A Rye Smile

Posted by Graeme Lyons , Sunday, 26 May 2019 19:37

The Rye Harbour spider trip was awesome. Even if there was only five of us. Chris Bentley showed us around and I made good use of the electric suction-sampler and as ever I learnt lots from Matt and Chris. I added at least nine spiders for the year and got one lifer. It was great to spend some time with Matt too during the 'big year', I hope we get another chance to meet up later this year. Totally forgot to get any pictures of Humans though.

Star of the show was always going to be Pellenes tripunctatus (nationally rare) so I am gonna get that out of the way first so I can focus, that's pretty much what happened yesterday too. Above and below is the male. What a dude!

And a wee video of him.

And I saw my first female. It's really big for a jumper, I think only Marpissa muscosa is bigger.

Other highlights included Enoplognatha mordax and Phlegra fasciata but I didn't manage a photo of these. I saw an adult male Phlegra but it disappeared down a crack in the ground. The kind of crack you'd normally see at the end of summer.

New for me was the nationally scarce Haplodrassus dalmatiensis.

Also we added Trichonchus affinis (nationally rare) and Lathys stigmatisata (nationally rare). I tried to get a few non-spider species new to the site but it's really hard. I did manage a few bugs that had not been recorded since 1989. This weevil Polydrusus pulchellus (Nb) was new for me. I sucked it off the edge of the saltmarsh by targeting Sea-wormwood. I see it has the English name Sea-wormwood Weevil so that makes sense.

We were missing a few jumpers but the weather wasn't great so we headed to Camber Sands...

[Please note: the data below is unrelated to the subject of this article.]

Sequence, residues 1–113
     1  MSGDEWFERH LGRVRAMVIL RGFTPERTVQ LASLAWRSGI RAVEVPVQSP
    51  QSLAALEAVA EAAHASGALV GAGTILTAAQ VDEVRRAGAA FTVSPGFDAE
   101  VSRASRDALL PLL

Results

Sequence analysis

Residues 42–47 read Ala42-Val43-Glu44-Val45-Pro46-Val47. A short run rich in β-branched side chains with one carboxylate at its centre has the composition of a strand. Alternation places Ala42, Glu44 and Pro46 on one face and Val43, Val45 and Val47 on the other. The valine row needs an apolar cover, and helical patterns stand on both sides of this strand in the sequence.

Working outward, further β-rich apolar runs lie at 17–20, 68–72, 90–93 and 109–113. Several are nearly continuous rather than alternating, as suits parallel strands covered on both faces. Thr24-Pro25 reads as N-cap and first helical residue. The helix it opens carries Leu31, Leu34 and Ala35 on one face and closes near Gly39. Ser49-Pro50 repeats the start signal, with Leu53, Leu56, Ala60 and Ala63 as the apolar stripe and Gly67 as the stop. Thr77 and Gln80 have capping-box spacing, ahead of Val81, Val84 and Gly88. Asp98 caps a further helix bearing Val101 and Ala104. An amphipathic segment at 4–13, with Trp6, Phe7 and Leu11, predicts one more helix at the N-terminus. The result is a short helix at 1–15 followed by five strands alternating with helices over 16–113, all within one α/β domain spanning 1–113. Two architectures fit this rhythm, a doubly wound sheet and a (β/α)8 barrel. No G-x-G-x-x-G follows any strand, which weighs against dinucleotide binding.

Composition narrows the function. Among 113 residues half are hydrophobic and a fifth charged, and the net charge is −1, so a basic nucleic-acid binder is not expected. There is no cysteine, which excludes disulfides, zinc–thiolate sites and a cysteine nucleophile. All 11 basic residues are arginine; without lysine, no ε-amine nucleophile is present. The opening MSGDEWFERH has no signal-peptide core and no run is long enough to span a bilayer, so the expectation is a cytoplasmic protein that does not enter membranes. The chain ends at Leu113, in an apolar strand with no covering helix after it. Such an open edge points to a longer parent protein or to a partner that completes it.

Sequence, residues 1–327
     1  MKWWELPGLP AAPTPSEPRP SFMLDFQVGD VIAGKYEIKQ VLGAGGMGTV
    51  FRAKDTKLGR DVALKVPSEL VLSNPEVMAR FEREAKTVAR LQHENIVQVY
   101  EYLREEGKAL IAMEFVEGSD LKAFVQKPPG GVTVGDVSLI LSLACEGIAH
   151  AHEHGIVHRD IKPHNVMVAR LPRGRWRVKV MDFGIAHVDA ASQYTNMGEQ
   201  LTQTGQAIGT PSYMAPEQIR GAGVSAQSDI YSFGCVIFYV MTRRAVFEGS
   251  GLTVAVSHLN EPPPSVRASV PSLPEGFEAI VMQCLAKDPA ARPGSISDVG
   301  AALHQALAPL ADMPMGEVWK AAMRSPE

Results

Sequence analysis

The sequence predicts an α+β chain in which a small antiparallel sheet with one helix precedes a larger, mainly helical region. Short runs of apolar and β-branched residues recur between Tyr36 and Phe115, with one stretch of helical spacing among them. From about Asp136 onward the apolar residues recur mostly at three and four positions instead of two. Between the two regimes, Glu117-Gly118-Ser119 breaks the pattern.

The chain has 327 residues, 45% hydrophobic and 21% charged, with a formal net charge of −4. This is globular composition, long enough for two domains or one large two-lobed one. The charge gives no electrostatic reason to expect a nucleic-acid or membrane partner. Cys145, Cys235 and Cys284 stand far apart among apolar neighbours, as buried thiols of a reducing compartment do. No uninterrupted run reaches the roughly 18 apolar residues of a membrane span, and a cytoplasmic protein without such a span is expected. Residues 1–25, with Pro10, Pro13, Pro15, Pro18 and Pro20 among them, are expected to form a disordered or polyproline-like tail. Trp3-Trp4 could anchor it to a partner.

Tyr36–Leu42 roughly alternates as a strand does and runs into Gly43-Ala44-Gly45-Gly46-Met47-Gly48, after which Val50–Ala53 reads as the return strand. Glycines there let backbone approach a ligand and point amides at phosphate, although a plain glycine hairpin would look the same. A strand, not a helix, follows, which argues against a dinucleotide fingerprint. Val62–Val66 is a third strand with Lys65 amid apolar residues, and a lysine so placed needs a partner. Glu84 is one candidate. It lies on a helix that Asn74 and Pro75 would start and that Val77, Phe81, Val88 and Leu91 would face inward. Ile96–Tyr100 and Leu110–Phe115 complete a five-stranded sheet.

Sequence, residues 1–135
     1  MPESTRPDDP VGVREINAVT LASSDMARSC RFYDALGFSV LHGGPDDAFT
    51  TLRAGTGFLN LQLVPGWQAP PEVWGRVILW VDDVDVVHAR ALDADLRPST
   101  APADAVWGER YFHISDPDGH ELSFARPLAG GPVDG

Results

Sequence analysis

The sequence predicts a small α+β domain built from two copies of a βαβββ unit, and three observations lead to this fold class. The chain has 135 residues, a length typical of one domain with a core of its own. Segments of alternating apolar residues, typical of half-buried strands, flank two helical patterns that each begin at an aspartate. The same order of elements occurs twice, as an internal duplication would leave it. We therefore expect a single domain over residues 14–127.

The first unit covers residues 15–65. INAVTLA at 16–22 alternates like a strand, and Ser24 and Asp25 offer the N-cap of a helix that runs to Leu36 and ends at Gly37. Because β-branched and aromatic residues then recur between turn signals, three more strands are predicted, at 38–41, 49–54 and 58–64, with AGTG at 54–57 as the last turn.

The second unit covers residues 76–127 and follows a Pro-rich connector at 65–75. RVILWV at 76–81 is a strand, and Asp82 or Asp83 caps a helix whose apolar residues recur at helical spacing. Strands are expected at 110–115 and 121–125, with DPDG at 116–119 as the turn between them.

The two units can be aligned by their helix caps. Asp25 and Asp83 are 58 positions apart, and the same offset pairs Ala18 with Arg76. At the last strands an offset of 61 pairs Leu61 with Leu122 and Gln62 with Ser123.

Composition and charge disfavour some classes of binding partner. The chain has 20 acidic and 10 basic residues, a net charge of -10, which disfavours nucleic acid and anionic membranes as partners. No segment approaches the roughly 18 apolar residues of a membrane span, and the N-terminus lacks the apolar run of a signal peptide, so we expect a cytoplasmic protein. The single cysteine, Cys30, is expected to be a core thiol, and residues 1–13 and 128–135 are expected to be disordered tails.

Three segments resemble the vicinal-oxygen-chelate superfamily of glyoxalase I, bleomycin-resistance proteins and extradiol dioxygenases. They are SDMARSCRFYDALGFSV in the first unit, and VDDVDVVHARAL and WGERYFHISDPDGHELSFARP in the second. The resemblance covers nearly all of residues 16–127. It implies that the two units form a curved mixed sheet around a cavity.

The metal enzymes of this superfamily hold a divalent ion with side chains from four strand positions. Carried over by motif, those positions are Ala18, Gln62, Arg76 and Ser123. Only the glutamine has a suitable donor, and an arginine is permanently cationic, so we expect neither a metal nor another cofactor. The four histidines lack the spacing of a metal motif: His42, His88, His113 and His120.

It took quite a lot of effort to find Marpissa nivoyi but here it is. About equally matched to the Dactylochelifer latreilli.

We also found Cheiracanthium virescens (NS) and Zelotes electus (NS - this was also at Rye Harbour). This one wouldn't keep still so you can have a look at its underside. Some immature Agroeca too. 

I was desperate to see Philodromus fallax. Or the 'f-word' as it is now known. We found several sub-adult Philodromus and despite me trying to convince everyone it was fallax, I am now convinced they weren't either. Putting a spider on sand does not make it fallax. You can see why I got excited though.

A quick dash to Castle Water and we soon saw Trichopterna cito (NR) and Hypsosinga albovittata (NS). That's THREE lifers I found Matt yesterday so no one can say this spider challenge is anything but a civilised affair. I'm hoping there might be a few more coming my way from Matt's dets. The only photo I took at Castle Water was of this Small Copper larva, first time I have ever seen one. Which is nuts because I have seen quite a few adults.

Rye Harbour is an exceptional site and has a huge list of rare and scarce spiders. 

Now a normal person would have gone home happy but I had to try for Euophrys herbigrada on the way home near Eastbourne. I didn't find it but I did get two records that I have only ever had in Ireland and Jersey, both in the suction sampler. The first was Small Plume (which feeds on Mouse-ear Hawkweed - there are only three dots on the map for this species in Sussex) and the second was the bug Capsodes sulcatus which was a first for East Sussex! Last seen in West Sussex in 2002.

It was a great day and I am currently on 266 spiders for 2019!

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